Billingsley said he threw at 85 percent Friday and would conduct the acid test Saturday.
"Tomorrow will be the bigger one. I'll go game speed and see if it holds up," said Billingsley, who injured the left hamstring coming out of the batter's box a week ago. "Today was the first time I did agility and jogging and it felt good."
Billingsley said the tape that encases his thigh does not restrict movement in his windup or delivery.
Torre has not announced a probable starter for Tuesday, essentially the fifth starter's day to pitch. But the Dodgers, at this point, really don't have a fifth starter. Jeff Weaver could get the call, assuming he doesn't make the start in place of Billingsley, as he did Wednesday.
The Dodgers also could call up Eric Stults or Scott Elbert. Or they could acquire a pitcher, although general manager Ned Colletti said his conversations with other clubs indicate a game of cat-and-mouse until the urgency of the end of the month, the deadline for acquired players to be eligible for the postseason.
Vicente Padilla and John Smoltz also are expected to be available as free agents and the Dodgers have had internal discussions about both.
In other pitching news, the Dodgers got their first look in a while at disabled reliever Will Ohman, who threw a bullpen session and reported no trouble with a flexor tendinitis that has had him sidelined the better part of three months.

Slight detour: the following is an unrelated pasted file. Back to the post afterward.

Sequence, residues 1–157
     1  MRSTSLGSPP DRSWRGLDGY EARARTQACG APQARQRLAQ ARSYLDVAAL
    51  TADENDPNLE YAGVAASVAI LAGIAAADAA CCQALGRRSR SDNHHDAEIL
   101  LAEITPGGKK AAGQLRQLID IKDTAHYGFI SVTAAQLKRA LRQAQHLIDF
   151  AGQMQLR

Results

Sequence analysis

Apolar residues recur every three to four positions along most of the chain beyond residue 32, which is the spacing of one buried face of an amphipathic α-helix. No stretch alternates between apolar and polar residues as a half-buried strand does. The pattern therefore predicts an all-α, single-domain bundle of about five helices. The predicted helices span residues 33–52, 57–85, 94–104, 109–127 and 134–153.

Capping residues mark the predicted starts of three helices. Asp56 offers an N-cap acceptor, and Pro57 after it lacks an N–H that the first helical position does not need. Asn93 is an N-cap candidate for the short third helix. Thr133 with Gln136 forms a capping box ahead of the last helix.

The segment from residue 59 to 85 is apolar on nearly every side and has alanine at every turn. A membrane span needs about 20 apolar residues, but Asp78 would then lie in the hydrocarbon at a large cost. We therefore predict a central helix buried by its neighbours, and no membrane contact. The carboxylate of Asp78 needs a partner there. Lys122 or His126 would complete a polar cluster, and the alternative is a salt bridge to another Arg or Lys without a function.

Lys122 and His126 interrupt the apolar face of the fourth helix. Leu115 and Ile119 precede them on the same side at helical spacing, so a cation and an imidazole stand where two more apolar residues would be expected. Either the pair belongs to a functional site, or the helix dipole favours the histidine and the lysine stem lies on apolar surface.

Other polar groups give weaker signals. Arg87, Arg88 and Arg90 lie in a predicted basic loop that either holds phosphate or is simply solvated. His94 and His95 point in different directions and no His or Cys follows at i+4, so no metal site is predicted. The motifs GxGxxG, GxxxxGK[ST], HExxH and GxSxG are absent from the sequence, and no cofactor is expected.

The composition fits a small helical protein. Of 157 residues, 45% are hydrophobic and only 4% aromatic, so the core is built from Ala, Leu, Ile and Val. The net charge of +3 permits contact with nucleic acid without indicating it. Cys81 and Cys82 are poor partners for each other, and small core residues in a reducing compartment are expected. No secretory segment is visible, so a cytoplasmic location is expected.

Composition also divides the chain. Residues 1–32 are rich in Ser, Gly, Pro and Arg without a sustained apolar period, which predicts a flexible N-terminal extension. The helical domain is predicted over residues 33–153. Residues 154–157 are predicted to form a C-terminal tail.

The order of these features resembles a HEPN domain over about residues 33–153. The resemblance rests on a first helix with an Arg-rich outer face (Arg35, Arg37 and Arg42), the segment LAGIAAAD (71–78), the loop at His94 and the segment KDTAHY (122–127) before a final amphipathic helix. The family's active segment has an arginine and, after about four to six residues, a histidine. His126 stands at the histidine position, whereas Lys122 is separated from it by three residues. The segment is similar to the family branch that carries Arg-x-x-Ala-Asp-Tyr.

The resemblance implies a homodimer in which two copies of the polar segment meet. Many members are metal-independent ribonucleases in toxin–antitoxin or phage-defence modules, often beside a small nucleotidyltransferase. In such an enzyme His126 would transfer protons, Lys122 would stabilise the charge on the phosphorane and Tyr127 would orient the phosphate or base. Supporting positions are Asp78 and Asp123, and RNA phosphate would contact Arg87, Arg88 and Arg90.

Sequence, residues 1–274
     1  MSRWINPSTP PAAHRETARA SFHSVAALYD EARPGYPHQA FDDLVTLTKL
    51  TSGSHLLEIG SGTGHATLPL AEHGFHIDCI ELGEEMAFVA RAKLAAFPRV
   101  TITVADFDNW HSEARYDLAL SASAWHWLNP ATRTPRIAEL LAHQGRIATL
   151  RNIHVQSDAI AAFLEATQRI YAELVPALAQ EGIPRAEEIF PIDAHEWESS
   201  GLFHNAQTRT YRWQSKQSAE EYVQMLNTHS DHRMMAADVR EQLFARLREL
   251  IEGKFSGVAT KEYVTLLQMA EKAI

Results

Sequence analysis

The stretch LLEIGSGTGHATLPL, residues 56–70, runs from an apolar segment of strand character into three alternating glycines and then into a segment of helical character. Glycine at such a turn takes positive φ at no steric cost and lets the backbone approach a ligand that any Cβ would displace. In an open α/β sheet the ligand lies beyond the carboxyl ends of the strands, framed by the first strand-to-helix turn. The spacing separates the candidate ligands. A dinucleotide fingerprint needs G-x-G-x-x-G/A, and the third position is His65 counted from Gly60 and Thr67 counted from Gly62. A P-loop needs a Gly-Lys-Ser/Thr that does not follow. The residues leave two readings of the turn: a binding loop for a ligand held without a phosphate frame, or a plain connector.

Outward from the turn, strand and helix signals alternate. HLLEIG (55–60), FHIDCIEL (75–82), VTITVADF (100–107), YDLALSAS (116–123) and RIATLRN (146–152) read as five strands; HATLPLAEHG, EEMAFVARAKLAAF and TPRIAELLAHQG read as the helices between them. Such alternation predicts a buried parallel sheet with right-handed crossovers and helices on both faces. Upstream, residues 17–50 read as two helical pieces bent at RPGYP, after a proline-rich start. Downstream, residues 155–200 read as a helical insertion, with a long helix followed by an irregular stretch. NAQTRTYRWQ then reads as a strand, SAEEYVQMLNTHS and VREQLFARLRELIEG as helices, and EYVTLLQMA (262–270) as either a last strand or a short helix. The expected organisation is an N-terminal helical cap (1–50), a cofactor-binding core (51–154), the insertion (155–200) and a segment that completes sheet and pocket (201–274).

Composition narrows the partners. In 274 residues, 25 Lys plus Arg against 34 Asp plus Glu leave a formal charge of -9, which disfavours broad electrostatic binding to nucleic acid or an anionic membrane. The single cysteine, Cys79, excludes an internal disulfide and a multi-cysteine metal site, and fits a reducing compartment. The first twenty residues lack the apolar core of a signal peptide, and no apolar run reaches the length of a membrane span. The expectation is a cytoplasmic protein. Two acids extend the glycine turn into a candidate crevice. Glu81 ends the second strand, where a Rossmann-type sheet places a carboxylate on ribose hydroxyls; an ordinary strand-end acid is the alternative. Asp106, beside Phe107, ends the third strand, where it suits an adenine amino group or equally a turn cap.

"I couldn't pinch a nasal spray bottle," he said of the pain he experienced with an injury suffered while recovering from a stiff shoulder. "Everything's as healthy as I could have hoped for. No pain or discomfort. I assume my next stop is game competition."
Ohman, signed a week before the season started, acknowledges that the injury is probably the result of rushing to be ready without the benefit of a full Spring Training. Torre said Ohman would soon begin a Minor League rehabilitation and probably wouldn't be activated until September, when the rosters expand.
Ken Gurnick is a reporter for MLB.com. This story was not subject to the approval of Major League Baseball or its clubs.Less